How do I know if my used server is bad?
If the used server boots and operates correctly, it most likely is not bad. Servers are built to last for decades, and by default are not in a state of failure. Rather, most of the systems on the secondary market come out of supported, working environments in great condition, ready for a new home.
Unless you’re experiencing blinking lights or frequent sounds signaling that something is going wrong, your system is in good condition.
You can begin to determine whether your used server is in good working order, and not bad, by considering the following troubleshooting steps:
- Are all cables securely plugged in?
- Are all the lights working?
- Are the fans running normally?
- Is there a loud noise coming from the server?
- Is it booted up properly? If not, there could be an issue with the server.
- Have you performed CPU stress tests? This will help you identify any performance issues.
These questions are also good to include in your initial inspection of any used server you are considering to purchase. Before purchasing your server, make sure to conduct thorough research and have a checklist ready of things to look for; this will give you a better chance of ruling out bad servers from the start.
Long-time established resellers of used servers always include a test report with your server delivery, assuring you that the system has been fully vetted and tested.
What causes used server failure?
Most server failures happen within the first 90 days of delivery, new, but used servers can occasionally fail as well. These instances are rare, just like they are for new servers that have been running for over 90 days, but they can happen. Reasons range from poor maintenance, and lower quality components, to the physical environment the server lives in such as heat or dust - these all play a vital role in the livelihood of a new or used server.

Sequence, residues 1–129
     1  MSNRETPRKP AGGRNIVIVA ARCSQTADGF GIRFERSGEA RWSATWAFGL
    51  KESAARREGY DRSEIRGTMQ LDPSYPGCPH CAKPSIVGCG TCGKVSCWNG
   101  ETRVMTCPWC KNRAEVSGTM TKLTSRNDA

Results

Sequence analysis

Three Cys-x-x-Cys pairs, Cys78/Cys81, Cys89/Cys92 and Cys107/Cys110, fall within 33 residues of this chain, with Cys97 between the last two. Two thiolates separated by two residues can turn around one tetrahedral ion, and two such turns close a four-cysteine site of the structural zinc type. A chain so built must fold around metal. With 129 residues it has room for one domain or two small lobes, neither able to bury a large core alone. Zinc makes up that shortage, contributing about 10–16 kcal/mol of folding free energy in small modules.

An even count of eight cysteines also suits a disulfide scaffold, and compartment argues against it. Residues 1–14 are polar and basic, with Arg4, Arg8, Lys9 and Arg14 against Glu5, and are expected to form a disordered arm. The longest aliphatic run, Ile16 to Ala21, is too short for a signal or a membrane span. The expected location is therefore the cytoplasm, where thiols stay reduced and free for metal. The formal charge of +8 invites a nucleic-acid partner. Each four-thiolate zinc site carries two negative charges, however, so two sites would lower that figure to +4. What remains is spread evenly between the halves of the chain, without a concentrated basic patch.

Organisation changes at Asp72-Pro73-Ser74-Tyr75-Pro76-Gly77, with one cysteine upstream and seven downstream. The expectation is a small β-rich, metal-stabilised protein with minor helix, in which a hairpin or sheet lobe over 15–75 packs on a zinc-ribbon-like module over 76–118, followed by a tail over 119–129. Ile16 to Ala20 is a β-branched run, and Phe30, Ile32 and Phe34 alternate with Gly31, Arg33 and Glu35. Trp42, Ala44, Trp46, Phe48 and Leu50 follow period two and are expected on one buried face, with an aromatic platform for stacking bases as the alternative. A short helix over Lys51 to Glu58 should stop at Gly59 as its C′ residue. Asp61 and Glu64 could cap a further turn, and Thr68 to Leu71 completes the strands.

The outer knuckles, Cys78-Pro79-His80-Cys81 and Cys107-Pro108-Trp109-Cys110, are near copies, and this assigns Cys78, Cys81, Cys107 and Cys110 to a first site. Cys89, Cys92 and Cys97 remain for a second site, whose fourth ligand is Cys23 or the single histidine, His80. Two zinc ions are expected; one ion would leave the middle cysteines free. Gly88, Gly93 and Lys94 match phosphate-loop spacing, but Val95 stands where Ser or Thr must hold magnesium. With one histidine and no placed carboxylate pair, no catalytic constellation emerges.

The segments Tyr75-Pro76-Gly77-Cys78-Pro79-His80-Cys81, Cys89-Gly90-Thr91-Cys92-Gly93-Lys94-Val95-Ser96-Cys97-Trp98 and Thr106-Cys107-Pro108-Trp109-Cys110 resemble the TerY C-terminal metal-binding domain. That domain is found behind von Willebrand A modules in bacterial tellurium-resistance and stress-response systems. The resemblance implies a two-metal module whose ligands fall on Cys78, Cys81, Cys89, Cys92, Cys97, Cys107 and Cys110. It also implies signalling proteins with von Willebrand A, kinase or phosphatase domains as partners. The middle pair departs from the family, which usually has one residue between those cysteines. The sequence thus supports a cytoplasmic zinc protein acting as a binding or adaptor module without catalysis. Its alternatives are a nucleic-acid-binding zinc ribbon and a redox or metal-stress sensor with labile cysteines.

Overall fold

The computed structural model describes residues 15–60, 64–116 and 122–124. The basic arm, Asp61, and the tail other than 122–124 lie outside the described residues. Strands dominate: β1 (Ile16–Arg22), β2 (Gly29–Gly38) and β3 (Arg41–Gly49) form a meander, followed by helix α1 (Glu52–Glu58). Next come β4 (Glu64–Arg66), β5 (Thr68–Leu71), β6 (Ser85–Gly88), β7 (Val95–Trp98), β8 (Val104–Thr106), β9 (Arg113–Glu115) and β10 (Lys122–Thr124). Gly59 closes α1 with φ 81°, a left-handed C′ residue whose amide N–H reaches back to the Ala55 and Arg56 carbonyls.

It is important to note that used servers are no more likely to fail than a newly manufactured server, sometimes they will have even less of a failure rate; this is because the most common point of failure for a new server is typically within the first 90 days of use. While used servers, acquired from reliable sources, have surpassed that initial 90-day burn-in, proven to work in a data center, and then undergone additional testing by the reseller.
Used server failure may not even be hardware-related, but caused by a software issue, user error, overheating in the data center, or other external factors. The components that most often fail on new or used servers are batteries that have a limited lifespan, yet can easily be replaced. Power supplies are also a common point of failure, and electrical issues can lead to system board issues or other problems. This is where a long-standing reseller comes in and quickly can provide replacement parts to your current system - which helps get you back up and running in record time.
Summary: Choosing a reputable reseller or TPM will help reduce maintenance issues and failures down the road. These companies will help maintain your gear in top performance, and of course, for the most unforeseen circumstances, they can also get you back up and running in no time. Buy leveraging used systems and replacement parts stock, you’ll be more sustainable, enjoy savings over new, all while keeping your systems supported and resilient.
Additional Guides and resources:
Corey is a reuse advocate with 20 years experience in ITAD and serves as President of Alta Technologies, the gold standard for quality in testing and refurbishing servers, networking and data storage hardware, since 1995.
An active member of the Right-To-Repair movement, Corey also serves on the ASCDI Board, is a member of the Forbes Business Council, Vistage, SIA and UNEDA. He enjoys local adventures with his family and dog, Freya, near Minneapolis, MN.